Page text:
Mouth-Body Connection: Iowa PCA Oral Health Leadership Day Brings Dental and Medical Staff Together

March 19, 2020

A few weeks ago, representatives from numerous community health centers in Iowa gathered in Des Moines to attend our Oral Health Leadership Day. Dental providers, medical providers, CEOs, and Iowa PCA staff met to discuss integration of oral health and primary care. With thirteen health centers and one migrant health program in Iowa, there are fourteen different ways our health centers deliver oral care to their patients. The recent discussion was one of the first attempts to bring those different methods together.

To begin, oral health matters. There is a significant gap in the rates of oral health disease between disadvantaged and affluent groups, and the risk factors for oral health and general health have significant overlap. Where there are risk factors for physical health, one’s oral health will also be endangered. The social determinants of health will increase the risk of both heart disease and periodontal disease, not one or the other. To read more about the importance of oral health care and how our health centers are working to improve access to it, click here.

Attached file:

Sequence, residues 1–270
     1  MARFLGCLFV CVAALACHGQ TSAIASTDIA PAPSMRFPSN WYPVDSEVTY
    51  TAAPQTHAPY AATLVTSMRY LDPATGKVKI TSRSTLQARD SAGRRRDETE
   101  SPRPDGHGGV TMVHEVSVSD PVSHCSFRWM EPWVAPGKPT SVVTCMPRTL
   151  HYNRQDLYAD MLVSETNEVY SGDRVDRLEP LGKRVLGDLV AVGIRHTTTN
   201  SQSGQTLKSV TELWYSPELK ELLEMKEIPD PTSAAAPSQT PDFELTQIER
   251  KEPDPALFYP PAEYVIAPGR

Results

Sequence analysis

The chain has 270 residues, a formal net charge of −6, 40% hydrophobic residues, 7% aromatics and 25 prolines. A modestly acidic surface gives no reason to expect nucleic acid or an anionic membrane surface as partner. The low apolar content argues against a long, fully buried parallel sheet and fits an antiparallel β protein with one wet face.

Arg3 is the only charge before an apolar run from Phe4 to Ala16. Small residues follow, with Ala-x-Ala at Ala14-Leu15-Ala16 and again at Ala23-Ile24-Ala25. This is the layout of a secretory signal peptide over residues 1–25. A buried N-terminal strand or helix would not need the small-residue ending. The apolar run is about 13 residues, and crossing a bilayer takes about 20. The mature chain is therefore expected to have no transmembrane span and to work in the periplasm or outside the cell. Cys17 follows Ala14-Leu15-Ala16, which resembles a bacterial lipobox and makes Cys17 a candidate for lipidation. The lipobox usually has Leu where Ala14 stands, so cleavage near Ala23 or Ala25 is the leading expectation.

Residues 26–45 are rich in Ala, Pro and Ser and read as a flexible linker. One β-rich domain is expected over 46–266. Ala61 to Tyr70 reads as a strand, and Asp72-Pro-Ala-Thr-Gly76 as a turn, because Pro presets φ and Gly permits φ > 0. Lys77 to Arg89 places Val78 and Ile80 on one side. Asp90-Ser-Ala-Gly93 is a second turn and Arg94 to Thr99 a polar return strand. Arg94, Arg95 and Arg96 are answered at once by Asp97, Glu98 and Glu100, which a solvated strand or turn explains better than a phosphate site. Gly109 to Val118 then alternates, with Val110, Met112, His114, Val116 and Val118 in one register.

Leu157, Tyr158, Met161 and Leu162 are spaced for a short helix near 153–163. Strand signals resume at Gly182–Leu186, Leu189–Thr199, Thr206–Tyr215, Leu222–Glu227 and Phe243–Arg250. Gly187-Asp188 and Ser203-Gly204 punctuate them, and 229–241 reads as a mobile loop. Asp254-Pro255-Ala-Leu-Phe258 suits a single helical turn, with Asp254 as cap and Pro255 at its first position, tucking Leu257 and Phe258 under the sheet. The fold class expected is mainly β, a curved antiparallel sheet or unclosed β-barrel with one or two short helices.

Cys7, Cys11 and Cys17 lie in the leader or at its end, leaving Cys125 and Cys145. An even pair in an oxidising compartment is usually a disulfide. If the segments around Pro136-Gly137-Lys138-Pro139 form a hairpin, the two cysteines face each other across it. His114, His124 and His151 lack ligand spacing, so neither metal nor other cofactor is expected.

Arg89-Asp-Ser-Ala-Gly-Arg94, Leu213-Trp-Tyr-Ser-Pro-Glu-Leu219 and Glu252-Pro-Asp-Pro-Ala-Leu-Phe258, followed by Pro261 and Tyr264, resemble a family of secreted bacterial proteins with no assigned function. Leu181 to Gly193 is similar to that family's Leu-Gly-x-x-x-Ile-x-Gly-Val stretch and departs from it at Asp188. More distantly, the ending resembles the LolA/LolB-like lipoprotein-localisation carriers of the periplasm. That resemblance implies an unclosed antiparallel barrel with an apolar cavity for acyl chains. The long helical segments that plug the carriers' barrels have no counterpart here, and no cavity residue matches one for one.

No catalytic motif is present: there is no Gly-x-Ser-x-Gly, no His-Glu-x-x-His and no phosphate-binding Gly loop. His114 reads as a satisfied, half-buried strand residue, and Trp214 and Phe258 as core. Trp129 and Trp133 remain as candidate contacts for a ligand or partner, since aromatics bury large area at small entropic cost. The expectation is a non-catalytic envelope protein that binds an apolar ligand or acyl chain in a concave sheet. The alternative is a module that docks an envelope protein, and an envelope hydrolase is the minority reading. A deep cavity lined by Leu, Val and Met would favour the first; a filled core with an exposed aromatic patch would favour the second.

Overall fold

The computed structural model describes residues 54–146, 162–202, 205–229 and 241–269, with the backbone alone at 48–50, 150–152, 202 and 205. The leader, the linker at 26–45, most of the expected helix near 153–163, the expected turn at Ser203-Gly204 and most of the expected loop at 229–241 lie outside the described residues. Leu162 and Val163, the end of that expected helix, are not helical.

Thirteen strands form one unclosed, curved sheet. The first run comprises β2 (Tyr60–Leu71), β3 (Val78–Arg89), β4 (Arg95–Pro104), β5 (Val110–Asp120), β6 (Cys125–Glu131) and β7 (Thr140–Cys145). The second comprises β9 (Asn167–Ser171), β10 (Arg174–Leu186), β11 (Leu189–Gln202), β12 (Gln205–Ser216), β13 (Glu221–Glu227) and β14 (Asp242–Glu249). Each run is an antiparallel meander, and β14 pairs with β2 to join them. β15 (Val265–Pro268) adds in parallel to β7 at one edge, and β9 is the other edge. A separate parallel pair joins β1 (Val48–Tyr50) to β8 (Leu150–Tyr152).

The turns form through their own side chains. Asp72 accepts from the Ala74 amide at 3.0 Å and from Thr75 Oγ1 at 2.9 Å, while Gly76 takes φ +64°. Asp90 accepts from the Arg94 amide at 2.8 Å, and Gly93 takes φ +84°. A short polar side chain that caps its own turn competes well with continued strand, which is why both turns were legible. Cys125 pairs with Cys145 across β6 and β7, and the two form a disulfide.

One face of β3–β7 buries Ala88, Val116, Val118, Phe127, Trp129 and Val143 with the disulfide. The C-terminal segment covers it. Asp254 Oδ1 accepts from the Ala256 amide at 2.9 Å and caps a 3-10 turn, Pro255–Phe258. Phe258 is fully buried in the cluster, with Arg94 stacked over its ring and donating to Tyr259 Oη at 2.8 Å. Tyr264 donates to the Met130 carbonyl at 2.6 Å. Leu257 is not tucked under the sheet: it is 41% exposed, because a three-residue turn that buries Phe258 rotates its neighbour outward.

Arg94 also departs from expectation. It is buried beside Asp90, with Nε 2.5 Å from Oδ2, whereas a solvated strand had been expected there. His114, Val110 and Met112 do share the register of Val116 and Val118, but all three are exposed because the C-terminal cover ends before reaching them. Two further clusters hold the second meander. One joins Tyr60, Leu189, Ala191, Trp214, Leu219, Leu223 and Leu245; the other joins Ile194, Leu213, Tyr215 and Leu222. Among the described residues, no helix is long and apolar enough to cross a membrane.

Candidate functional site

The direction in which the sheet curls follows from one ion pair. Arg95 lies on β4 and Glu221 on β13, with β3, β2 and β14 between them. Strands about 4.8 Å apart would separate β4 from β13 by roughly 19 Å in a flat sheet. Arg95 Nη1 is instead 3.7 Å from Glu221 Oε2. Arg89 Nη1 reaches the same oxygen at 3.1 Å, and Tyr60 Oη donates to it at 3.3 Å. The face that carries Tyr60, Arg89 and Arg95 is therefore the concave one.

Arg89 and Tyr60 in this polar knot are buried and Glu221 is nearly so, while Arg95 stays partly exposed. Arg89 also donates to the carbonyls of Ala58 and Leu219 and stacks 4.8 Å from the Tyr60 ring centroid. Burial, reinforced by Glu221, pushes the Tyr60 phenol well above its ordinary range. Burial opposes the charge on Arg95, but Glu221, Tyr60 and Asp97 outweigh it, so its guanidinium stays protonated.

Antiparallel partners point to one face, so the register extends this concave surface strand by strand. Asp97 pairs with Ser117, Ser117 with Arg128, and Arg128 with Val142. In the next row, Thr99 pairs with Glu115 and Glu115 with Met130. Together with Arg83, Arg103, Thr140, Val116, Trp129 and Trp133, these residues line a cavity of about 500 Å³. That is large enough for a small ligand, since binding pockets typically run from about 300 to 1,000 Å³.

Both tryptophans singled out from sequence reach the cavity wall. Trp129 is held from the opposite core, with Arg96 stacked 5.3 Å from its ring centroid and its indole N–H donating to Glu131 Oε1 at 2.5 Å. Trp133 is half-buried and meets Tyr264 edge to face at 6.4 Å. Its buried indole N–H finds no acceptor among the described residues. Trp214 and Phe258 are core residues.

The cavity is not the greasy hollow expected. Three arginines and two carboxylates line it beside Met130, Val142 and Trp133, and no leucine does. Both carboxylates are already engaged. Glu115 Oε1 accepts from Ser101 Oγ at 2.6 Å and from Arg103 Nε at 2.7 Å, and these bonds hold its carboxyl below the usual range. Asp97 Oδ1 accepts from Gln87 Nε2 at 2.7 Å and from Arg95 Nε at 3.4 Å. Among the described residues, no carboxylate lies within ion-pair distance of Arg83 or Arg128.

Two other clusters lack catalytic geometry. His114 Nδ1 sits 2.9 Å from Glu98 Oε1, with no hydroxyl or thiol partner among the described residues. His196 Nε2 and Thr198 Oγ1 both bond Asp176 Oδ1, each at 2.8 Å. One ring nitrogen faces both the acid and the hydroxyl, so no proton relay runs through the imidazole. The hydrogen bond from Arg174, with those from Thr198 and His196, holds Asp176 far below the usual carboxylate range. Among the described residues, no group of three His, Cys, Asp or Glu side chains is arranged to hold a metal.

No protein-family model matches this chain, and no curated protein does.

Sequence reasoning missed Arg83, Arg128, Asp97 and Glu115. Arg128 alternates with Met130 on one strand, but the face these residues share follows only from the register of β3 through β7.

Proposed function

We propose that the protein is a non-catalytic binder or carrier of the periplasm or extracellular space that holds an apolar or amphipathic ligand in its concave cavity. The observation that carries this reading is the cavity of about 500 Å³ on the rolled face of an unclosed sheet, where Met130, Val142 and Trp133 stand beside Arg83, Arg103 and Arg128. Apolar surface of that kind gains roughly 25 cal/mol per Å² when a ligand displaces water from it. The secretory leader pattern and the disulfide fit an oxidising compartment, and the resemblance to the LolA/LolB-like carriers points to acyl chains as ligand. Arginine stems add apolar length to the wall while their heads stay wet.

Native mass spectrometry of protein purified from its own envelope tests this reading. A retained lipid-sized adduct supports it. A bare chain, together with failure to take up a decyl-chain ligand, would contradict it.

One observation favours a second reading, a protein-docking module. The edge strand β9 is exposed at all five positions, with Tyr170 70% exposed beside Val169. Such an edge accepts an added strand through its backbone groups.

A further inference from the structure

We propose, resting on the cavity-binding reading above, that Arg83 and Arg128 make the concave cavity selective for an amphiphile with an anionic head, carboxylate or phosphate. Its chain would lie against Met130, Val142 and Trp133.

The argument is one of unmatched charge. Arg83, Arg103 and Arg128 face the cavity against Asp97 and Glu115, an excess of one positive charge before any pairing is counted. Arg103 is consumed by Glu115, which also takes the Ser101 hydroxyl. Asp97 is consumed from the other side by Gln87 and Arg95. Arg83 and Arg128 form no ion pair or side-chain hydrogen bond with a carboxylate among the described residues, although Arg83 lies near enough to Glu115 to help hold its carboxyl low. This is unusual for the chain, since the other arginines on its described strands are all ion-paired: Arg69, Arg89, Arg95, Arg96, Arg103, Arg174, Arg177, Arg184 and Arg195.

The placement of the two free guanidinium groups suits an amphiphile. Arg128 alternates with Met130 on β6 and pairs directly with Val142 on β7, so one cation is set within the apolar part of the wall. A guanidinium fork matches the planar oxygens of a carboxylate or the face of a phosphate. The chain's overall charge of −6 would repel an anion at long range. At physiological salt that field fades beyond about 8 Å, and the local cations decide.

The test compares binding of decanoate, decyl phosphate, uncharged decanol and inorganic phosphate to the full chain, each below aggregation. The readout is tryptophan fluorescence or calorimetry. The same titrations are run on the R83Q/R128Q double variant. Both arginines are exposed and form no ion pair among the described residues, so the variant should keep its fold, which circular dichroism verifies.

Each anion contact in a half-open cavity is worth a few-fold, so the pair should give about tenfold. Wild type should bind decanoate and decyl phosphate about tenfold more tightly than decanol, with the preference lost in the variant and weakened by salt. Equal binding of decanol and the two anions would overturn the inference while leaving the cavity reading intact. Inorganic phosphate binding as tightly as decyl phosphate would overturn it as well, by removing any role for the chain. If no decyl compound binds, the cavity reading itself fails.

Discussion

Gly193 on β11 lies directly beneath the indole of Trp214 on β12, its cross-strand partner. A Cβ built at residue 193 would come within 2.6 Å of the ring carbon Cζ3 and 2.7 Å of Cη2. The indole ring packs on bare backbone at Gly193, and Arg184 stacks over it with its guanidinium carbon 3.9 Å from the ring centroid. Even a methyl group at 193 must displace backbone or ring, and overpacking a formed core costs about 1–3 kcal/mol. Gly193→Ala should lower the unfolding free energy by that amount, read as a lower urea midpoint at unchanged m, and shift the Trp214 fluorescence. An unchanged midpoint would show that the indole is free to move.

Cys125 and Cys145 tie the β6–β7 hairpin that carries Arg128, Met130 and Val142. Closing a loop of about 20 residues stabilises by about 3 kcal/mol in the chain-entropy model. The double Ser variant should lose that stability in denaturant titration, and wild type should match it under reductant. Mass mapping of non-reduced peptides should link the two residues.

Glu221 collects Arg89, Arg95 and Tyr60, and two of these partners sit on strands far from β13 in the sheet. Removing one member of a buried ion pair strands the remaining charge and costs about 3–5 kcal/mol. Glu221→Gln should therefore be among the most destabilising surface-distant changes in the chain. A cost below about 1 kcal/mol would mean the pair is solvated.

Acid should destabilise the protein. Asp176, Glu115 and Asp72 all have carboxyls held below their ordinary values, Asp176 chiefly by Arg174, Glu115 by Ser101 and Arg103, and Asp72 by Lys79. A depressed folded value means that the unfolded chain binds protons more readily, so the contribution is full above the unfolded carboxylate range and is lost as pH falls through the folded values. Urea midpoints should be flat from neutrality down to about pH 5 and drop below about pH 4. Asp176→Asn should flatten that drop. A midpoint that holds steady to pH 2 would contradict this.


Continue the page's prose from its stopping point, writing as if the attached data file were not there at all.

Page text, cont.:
The Oral Health Leadership Day occurred in this context. According to our Oral Health Manager, Nancy Adrianse, the meeting was intended to get medical staff and dental staff in the same meeting. Although health centers provide integrated services, often in the same building, it is not guaranteed that a patient’s doctors and dentists will communicate about the patient’s condition. After all, they are often seeing many patients and do not have much opportunity to consider upstream causes for poor health, physical or dental.

We hoped our health centers would share, with us and with each other, how they measured oral health “success”. In health care, “success” is a loaded term. Is treating someone’s cavity a success, or is it a failure because the patient got a cavity in the first place? As we move from volume to value—from performing more services to performing services that prevent illness in the first place—oral health is a prime target. Our health centers, and all of their staff, have a role to play.